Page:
A new strategy enables molecules to be disconnected essentially anywhere, even remote from functionality.  

The organic synthesis strategy, developed by Professor Varinder Aggarwal and Dr Ramesh Rasappan in the School of Chemistry, involves a new method for combining smaller fragments together in which there is no obvious history in the product of their genesis.

Their paper describes not only this new strategy, but also its application to the shortest known synthesis, just 14 steps, of hydroxyphthioceranic acid, a key component of the cell wall lipid of the virulent mycobacterium tuberculosis. The method is now being developed to explore the possibility of creating a tuberculosis (TB) vaccine.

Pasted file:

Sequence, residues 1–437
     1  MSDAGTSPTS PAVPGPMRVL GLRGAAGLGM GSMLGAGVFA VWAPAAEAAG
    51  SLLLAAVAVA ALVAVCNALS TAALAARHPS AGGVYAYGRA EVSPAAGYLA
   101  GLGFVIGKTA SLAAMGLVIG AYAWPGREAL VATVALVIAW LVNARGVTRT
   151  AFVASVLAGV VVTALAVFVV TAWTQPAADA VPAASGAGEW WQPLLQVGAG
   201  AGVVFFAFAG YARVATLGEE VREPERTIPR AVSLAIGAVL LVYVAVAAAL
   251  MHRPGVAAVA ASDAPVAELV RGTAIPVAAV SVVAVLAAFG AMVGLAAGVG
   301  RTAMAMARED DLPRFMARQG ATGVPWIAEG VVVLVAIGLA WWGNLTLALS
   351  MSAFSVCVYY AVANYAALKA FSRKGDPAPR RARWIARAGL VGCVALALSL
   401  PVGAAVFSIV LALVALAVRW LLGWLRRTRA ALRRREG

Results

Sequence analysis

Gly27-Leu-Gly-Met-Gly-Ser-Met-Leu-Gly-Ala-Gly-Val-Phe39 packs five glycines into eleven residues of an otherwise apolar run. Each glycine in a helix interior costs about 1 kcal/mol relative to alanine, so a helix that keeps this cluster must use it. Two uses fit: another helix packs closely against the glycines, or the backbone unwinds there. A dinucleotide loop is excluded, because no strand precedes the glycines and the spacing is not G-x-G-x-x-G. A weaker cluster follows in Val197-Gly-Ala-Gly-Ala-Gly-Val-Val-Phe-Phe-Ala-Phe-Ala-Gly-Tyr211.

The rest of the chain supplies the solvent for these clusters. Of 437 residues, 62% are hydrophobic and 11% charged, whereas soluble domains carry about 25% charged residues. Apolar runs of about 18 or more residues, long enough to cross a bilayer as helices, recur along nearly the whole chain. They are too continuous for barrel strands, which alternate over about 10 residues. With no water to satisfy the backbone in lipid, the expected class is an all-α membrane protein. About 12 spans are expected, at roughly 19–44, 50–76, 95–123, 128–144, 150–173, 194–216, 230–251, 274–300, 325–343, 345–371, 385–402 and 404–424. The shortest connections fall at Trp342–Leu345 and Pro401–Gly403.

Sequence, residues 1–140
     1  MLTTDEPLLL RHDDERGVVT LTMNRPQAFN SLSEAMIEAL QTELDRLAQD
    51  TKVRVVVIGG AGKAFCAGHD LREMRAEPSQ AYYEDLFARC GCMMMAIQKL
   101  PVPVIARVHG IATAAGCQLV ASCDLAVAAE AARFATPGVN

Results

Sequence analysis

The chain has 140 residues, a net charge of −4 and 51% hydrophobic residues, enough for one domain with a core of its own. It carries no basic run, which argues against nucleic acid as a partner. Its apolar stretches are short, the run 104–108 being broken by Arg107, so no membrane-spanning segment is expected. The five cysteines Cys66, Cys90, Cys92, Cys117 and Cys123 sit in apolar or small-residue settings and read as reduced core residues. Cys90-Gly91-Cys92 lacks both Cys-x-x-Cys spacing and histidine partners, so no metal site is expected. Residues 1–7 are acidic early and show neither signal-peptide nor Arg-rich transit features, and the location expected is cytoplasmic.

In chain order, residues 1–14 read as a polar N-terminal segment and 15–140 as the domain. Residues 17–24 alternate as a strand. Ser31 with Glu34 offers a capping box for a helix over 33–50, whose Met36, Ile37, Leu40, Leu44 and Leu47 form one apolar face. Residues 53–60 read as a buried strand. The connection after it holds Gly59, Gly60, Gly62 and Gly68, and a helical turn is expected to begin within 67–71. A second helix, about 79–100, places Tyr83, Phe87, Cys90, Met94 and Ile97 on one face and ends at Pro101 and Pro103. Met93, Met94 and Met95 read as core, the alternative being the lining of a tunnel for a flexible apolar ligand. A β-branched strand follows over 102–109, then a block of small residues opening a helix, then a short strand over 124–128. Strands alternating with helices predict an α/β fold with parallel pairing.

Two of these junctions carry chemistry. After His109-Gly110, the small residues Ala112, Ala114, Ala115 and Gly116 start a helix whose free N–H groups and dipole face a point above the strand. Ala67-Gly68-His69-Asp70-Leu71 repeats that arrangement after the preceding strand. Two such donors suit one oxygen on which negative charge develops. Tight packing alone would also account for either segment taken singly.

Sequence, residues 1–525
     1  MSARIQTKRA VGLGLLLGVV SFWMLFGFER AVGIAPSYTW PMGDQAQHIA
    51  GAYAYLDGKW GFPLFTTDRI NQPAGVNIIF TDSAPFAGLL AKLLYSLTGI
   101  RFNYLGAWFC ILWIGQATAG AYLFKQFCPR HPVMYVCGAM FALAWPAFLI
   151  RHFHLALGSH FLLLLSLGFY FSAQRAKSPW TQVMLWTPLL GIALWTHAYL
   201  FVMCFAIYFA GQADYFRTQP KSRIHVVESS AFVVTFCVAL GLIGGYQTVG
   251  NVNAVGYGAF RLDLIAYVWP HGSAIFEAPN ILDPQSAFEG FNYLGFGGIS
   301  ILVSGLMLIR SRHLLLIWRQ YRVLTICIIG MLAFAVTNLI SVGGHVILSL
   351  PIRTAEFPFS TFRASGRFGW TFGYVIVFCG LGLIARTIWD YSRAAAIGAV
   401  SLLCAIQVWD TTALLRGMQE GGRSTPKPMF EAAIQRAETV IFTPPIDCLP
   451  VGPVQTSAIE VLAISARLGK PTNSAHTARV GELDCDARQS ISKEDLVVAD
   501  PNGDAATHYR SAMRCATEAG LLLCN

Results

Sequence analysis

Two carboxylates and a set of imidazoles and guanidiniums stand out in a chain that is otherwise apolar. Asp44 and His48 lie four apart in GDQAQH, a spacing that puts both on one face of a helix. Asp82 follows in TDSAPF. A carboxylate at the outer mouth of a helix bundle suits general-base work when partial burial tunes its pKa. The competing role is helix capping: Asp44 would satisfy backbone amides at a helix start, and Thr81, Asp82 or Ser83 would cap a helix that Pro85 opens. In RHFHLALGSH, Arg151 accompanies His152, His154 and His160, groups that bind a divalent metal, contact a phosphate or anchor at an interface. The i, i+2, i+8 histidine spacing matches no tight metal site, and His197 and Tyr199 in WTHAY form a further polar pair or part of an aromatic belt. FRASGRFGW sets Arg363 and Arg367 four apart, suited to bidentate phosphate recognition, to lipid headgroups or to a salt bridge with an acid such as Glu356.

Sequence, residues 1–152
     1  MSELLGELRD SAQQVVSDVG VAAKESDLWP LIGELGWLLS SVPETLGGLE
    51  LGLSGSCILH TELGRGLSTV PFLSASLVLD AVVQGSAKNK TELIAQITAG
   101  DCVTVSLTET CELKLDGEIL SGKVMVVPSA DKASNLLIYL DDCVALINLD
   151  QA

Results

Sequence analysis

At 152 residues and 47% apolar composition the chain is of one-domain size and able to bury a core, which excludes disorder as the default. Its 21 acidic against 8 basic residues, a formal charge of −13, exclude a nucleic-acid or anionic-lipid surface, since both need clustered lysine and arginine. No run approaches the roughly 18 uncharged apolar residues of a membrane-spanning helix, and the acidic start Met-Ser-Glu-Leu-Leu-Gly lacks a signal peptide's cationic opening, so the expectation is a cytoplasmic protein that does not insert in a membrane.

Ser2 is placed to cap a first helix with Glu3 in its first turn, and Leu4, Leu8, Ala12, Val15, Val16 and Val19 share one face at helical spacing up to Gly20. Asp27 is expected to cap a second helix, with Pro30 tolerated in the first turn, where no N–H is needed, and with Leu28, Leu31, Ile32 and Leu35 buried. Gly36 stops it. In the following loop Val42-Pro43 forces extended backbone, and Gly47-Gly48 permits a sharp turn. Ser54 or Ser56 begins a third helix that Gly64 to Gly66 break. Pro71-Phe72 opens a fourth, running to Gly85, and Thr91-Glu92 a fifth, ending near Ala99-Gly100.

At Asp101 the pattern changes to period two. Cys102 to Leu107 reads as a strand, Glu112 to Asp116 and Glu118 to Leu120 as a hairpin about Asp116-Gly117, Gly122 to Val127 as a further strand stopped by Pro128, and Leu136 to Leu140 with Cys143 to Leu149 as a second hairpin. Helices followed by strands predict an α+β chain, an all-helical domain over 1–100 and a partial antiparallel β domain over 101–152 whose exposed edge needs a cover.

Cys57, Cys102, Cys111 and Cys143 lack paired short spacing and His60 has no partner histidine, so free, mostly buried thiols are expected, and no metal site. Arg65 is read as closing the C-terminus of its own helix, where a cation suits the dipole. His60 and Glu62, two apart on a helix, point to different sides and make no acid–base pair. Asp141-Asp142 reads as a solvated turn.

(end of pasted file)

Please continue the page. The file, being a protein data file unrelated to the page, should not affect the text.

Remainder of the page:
Illustration of a tuberculosis bacterium and the use of drugs to combat them. Credit: University of Bristol

Professor Aggarwal said, "Tuberculosis bacteria (TB) have an extraordinary thick lipid coat which acts as an impenetrable waxy barrier to cytotoxic agents, making it especially challenging to combat. Vaccination would be an ideal solution against TB and the lipid coat has been identified as a potential antigen. This requires the synthesis of the complex lipid which is composed of a disaccharide sugar core along with the complex chiral lipid, hydroxyphthioceranic acid."



Structure of the complex chiral lipid, hydroxyphthioceranic acid, and the Bristol disconnections used in its synthesis. Credit: University of Bristol

In a collaborative project funded by the Gates Foundation, the method is now being scaled up to explore the possibility of creating a TB vaccine based on the cell wall sulfolipid.

 Published in Nature Chemistry. Source: University of Bristol